Anyone who has been around the Internet long enough knows by now of the single greatest threat to our society today: teenage girls using the Internet.
As they litter our electronic media with sexts and txtspk, teenage girls and their social networking activities have been shown to lead to cyberbullying, online feuds, health problems, legal consequences, and Justin Bieber.
Little wonder, then, that an Indiana public school tried to punish two teenage girls for doing teenage girl things on the Internet.
A 15-year-old girl, "M.K.," held a slumber party at her home with her teenage girl friends. At the party, the girls engaged in the kind of wacky teenage girl slumber party antics that teenage boys dream about, such as dressing in lingerie, pretending to kiss each other, and striking suggestive poses involving phallic lollipops and a toy trident.
One girl, "T.V.," in all of her teenaged insidiousness, posted pictures of these antics on the Internet -- specifically, to private social networking accounts, accessible only to a select few. T.V. and M.K. later explained their actions as "joking around," motivated by a desire to "share with [their] friends how funny" they were.
Some people didn't laugh. Despite privacy protections, the pictures came to the attention of a concerned mother. The mother complained about the pictures to the school superintendent, claiming that the pictures were causing "divisiveness" among girls on the school volleyball team -- on which both M.K. and T.V. played (but on which, curiously, the concerned mother's own daughter did not).
Heroically taking a stand against the onslaught of teenage girl Internet activity, the school banned T.V. and M.K. from the volleyball team and all other extracurricular and co-curricular activities.
The punishment, however, was not merely for the girls' Internet behavior of privately posting disagreeable content. The punishment was also justified for the mere fact that the girls acted this way at a private, in-home slumber party.
Three months ago, I reported on the trend of public schools punishing students for private, at-home Internet behavior -- highlighting a New Hampshire middle school that had recently suspended a 13-year-old for privately telling her Facebook Friends that she wished her math teacher had died in the September 11 attacks 10 years ago.
In that article, I observed: "The girl's Facebook post was not public. The school may as well have punished her for muttering curses and epithets about her teacher at a slumber party at home with her friends." (Emphasis added.)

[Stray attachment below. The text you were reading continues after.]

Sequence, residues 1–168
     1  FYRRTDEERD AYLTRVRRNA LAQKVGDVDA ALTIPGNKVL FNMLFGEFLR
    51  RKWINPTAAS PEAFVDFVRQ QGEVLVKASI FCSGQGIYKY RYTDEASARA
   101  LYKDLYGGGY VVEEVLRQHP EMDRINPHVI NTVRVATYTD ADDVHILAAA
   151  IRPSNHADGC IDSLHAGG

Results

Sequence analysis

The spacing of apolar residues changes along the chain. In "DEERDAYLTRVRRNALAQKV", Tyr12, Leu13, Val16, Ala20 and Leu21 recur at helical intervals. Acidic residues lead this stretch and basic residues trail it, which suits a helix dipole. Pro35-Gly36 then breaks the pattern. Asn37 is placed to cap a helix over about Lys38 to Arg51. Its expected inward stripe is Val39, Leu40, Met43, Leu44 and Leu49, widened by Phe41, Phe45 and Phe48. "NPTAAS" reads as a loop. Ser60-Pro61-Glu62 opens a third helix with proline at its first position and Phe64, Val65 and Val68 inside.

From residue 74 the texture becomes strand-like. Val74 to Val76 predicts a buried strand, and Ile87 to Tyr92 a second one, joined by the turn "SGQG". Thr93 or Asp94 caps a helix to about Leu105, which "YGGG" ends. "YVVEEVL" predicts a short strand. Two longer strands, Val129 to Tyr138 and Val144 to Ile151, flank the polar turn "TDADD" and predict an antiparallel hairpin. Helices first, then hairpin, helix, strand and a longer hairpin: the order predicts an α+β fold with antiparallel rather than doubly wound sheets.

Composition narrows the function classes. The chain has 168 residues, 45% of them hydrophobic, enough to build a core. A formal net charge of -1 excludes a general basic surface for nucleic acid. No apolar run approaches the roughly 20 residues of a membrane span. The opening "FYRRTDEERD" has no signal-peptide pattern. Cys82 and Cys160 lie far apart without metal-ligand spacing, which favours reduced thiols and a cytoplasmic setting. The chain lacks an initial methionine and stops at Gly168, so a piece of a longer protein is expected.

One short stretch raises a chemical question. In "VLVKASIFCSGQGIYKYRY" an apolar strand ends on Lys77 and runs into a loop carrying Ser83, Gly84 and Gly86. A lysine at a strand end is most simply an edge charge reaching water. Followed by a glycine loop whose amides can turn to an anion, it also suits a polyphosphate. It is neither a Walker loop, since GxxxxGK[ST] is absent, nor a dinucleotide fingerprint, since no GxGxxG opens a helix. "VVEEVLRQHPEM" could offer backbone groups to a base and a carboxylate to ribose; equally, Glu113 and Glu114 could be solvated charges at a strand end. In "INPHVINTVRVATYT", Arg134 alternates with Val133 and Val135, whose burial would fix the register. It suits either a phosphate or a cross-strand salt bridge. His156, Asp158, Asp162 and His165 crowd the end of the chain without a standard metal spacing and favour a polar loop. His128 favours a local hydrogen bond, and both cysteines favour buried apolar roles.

Little did I know then how on-the-nose my observation was. We now find ourselves at a point where schools seek to control students' every waking moment outside of school, Internet or no.
A federal court unequivocally held last month that the Indiana school violated T.V. and M.K.'s free speech rights. The school will probably appeal if the court determines that the school does not have Eleventh Amendment immunity from damages.
The case is certainly ripe. While courts usually rule against schools for this level of speech restriction insofar as it infringes students' First Amendment rights, the jurisprudence related to school regulation of off-campus speech is not well established. The Supreme Court did little to settle this area of law in its most recent such case in 2007, and it has yet to decide an Internet-related school speech case.
In any event, this is an important case to watch. Public schools are arms of government. Every Constitutional infringement we tolerate against our students, we welcome against ourselves. As the court in this case observed: "While the crass foolishness that is the subject of the protected speech in this case makes one long for important substantive expressions… such a distinction between the worthwhile and the unworthy is exactly what the First Amendment does not permit."
Although that pesky First Amendment may allow the moral scourge of teenage girls to pervade the Internet, at least we may take comfort in the fact that, in reality, there are no girls on the Internet.
— Joe Stanganelli is a writer, attorney, and communications consultant. He is also principal and founding attorney of Beacon Hill Law in Boston. Follow him on Twitter at @JoeStanganelli.